Commentary, especially cricket commentary, has been “too sanitised”, taking fun out of the game, observed Uday Shankar, president, The Walt Disney Company (Asia Pacific) and chairman, Star & Disney India.
“One of my problems is (that) commentary, especially in cricket, has been too sanitised. And that’s why a lot of fun has gone out of the matches. What we call colour and I am not saying colour in a flippant way, the more well-rounded, lively description of the sport has gone away. We keep talking about life going out of cricket and things like T20 are becoming too transactional. But we are also responsible for that. And we need to think how we create a well-rounded, lively experience for people, which goes beyond scores and runs without being socially detrimental,” Shankar said at The Indian Express E-Adda Tuesday.
Shankar was in conversation with Anant Goenka, Executive Director, The Indian Express Group, and National Sports Editor Sandeep Dwivedi.
Commentators are not a journalists
There’s a perception that broadcasters act rather quickly on public opinion while picking their commentary panel. Also, in Indian cricket, if some commentator ruffles feathers of any influential cricketer or the BCCI, there’s a possibility of the axe falling. Asked about this, Shankar said: “There’s a distinction we need to make between cricket journalists and cricket commentators. A journalist is at liberty to say what you want to say. A commentator, in my view, is not a journalist.
“A commentator is part of the entire package to make the game more entertaining, more popular. I routinely see a tendency among commentators who make this mistake. There’s a role for a journalist and role for a commentator. I have very clear views on that.”
Emotion in sport is important
Star India effectively has a monopoly over all cricket media rights in India. Their Rs 6,138.1 crore (around $944 million) five-year BCCI broadcast rights deal came in 2018 on top of their Rs 16,347.5 crore (around $2.55 billion) IPL broadcasting rights that was signed a year previously. Star also has the ICC broadcast rights and the ‘Mauka Mauka’ type promos they put out for major ICC events, and also their build-ups for bilateral series, are considered to be adrenaline-filled. Is this an effort to thrive on a popular storyline?
“It has to be done judiciously. But just imagine if there’s a very intense moment; a bowler has bowled a great ball and the batsman hits it for a six, and if the bowler meekly just turns around and goes back, would the audience not suspect that the match was fixed? (That) he doesn’t even care that he gets hit for a six. So where do you draw the line? It’s difficult to have objective parameters, but emotion is a very important part of sport. It’s a reason why fans love their sport,” Shankar said.
According to him some ‘house training’ is also essential and viewers should put things in perspective. Stump mic, helmet camera, slo-mo, and ball-tracking add to the excitement and with proper ‘house training’, the devices would be even more helpful.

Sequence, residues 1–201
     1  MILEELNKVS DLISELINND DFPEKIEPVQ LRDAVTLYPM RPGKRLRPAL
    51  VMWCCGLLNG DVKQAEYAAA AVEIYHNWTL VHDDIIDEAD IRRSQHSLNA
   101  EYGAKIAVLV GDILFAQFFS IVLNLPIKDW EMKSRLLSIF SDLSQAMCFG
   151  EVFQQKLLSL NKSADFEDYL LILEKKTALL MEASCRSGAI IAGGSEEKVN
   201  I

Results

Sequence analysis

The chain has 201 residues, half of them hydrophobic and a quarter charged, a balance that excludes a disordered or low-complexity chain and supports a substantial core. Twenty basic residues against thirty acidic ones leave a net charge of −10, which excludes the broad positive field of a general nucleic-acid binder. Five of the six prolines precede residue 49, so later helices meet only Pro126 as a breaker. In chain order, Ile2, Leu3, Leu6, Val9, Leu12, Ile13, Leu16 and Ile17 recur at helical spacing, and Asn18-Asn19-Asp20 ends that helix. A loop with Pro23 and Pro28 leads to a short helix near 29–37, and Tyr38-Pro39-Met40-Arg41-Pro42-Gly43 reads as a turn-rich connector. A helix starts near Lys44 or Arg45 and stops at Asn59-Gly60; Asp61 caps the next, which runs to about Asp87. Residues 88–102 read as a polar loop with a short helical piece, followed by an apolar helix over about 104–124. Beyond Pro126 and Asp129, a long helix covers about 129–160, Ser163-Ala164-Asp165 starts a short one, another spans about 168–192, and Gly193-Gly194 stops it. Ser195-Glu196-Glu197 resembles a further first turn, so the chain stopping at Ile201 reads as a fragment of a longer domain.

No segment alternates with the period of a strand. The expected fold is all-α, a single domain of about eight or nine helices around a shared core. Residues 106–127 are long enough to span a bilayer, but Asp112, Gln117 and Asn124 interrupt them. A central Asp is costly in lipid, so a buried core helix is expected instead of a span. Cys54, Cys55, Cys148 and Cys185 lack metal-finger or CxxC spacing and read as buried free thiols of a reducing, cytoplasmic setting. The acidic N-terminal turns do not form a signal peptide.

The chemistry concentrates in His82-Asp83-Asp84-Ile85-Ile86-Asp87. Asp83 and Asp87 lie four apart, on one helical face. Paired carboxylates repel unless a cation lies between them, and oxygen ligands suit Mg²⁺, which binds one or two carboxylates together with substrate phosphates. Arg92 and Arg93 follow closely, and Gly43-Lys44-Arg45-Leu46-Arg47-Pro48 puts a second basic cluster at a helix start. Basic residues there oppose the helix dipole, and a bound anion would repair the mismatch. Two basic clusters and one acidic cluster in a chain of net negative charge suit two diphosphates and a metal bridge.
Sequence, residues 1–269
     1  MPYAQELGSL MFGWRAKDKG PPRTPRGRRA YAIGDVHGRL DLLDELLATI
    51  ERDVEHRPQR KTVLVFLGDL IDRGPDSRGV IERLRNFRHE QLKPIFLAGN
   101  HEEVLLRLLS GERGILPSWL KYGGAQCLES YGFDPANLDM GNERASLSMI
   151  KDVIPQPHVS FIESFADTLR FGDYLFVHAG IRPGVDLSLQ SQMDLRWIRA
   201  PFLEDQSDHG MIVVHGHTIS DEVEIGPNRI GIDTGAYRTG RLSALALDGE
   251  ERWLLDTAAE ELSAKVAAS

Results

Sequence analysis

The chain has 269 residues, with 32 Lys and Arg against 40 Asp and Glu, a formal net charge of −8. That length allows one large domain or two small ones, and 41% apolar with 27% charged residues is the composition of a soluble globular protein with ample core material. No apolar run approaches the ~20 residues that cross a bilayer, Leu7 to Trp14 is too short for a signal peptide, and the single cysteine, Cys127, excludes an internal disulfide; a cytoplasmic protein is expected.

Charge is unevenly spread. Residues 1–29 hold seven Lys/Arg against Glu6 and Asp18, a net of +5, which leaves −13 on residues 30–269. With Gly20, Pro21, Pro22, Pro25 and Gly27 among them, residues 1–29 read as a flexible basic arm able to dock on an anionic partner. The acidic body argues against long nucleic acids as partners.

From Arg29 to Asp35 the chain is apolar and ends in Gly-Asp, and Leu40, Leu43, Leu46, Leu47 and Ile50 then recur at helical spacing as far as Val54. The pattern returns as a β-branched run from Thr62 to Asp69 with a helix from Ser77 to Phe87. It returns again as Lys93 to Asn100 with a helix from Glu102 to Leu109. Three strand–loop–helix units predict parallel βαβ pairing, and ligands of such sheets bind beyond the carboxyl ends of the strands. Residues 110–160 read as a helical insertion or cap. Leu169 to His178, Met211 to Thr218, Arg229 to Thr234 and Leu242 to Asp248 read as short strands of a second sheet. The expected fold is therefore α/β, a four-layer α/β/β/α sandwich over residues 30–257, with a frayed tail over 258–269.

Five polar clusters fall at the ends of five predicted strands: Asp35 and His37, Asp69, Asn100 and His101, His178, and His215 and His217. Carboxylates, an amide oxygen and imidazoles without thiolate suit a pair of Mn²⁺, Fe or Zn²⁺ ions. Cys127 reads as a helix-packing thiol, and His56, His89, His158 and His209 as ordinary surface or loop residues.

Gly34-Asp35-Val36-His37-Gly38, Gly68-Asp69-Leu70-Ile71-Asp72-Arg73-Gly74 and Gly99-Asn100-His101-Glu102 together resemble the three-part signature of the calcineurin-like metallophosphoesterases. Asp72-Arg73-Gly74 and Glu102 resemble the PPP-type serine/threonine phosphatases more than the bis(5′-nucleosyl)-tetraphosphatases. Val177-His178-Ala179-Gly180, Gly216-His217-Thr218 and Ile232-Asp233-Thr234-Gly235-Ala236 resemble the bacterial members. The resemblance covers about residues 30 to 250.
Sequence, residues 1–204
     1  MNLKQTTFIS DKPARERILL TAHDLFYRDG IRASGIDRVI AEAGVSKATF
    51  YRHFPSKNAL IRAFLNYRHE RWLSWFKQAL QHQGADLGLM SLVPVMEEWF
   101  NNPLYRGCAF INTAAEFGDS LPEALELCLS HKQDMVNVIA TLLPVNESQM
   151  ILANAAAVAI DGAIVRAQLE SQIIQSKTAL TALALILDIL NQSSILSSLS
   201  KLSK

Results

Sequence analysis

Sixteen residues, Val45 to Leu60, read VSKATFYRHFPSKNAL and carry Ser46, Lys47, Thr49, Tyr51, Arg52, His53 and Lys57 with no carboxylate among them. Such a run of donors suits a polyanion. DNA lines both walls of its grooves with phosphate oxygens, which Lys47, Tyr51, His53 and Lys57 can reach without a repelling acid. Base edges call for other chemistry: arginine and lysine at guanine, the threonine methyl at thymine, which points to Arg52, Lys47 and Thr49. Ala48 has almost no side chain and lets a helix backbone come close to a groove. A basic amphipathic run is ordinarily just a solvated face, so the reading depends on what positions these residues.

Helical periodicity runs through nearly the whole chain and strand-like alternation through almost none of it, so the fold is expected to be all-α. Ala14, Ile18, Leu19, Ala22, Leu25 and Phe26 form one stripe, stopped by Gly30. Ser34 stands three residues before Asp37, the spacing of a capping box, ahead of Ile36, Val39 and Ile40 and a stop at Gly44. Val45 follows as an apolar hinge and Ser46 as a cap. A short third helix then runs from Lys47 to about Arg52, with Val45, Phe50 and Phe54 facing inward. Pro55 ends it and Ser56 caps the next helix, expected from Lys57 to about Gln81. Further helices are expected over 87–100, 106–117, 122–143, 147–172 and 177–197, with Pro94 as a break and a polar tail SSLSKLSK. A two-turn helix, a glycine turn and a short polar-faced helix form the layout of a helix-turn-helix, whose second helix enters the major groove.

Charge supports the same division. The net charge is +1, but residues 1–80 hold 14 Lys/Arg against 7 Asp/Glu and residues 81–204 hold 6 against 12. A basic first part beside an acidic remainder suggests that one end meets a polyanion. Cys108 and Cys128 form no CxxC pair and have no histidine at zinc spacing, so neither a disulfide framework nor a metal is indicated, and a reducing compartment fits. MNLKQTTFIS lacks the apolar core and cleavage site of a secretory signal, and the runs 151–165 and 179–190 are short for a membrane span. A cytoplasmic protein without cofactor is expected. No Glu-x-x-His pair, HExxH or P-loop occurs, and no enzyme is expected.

“Sometimes we expect a little too much from our cricketers also. These are young boys and girls who have one special skill. They don’t have a degree in sociology. They aren’t trained diplomats. And we expect them to say exactly the right words, do the right things; we want them to behave in the most perfect manner even when their emotions are running really high. I think that if we train the people and everybody is mindful, then all these innovations will make the experience richer,” Shankar said.
Role of broadcasters in content getting marginalised
So, as long as banters aren’t “racially insensitive, culturally insensitive, or making fun with people with disabilities”, broadcasters are okay with it. Shankar, however, opined that the role of the broadcasters with regards to content has reduced of late.
“In my view, over the years I feel that the role of the broadcasters in determining the nature of the content has got reduced. People talk about the BCCI having played a very regressive role in that, containing the nature of the coverage, but I think it’s the same everywhere. In some places, it’s much worse. Without going into the specifics, I think, as broadcasters we feel creatively. We are a creative company. The only thing we understand is how to make exciting content across genres. And yet, you would be shocked to see the kind of rigid framework in which sometimes people insist that we operate. You cannot do that. Broadcasters are getting more and more marginalised.”
Hand-held devices to become important
Over the next few years, digital platforms in terms of eyeballs are going to be even more popular. “The way the world is moving, we believe in this country in the next four-five years we will have about 700-750 million handheld screens and there will be about 200-250 million TV screens. Clearly the handheld devices will become very important. We have to understand that today matches are not held for 40,000-50,000 people who are sitting in the stadium. The power of sport comes from its streaming and its telecast,” Shankar said.
As for the IPL’s future, he said: “Internally, we are discussing and planning (about IPL) but we also wouldn’t want the tournament to be held unless the atmosphere is safe.”
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